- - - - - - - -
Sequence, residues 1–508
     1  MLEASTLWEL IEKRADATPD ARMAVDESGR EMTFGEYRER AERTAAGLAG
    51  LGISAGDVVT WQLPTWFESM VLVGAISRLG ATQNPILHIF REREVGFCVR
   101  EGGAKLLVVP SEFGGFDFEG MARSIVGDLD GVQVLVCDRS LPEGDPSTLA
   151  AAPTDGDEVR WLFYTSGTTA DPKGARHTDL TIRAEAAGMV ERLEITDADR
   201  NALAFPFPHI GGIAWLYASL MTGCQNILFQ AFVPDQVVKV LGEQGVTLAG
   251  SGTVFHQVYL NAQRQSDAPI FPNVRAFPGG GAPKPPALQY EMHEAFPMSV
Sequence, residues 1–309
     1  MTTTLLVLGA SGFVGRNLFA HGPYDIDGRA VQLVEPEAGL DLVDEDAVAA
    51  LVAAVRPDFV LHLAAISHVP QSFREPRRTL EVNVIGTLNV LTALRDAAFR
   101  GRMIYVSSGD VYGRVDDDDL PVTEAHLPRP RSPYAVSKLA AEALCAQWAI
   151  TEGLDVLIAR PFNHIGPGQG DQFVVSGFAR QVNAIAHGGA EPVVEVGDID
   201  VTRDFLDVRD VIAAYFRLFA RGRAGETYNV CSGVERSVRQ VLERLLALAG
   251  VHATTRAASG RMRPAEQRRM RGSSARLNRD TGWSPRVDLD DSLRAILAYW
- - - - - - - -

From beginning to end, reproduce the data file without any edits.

Sequence, residues 1–508
     1  MLEASTLWEL IEKRADATPD ARMAVDESGR EMTFGEYRER AERTAAGLAG
    51  LGISAGDVVT WQLPTWFESM VLVGAISRLG ATQNPILHIF REREVGFCVR
   101  EGGAKLLVVP SEFGGFDFEG MARSIVGDLD GVQVLVCDRS LPEGDPSTLA
   151  AAPTDGDEVR WLFYTSGTTA DPKGARHTDL TIRAEAAGMV ERLEITDADR
   201  NALAFPFPHI GGIAWLYASL MTGCQNILFQ AFVPDQVVKV LGEQGVTLAG
   251  SGTVFHQVYL NAQRQSDAPI FPNVRAFPGG GAPKPPALQY EMHEAFPMSV
Sequence, residues 1–309
     1  MTTTLLVLGA SGFVGRNLFA HGPYDIDGRA VQLVEPEAGL DLVDEDAVAA
    51  LVAAVRPDFV LHLAAISHVP QSFREPRRTL EVNVIGTLNV LTALRDAAFR
   101  GRMIYVSSGD VYGRVDDDDL PVTEAHLPRP RSPYAVSKLA AEALCAQWAI
   151  TEGLDVLIAR PFNHIGPGQG DQFVVSGFAR QVNAIAHGGA EPVVEVGDID
   201  VTRDFLDVRD VIAAYFRLFA RGRAGETYNV CSGVERSVRQ VLERLLALAG
   251  VHATTRAASG RMRPAEQRRM RGSSARLNRD TGWSPRVDLD DSLRAILAYW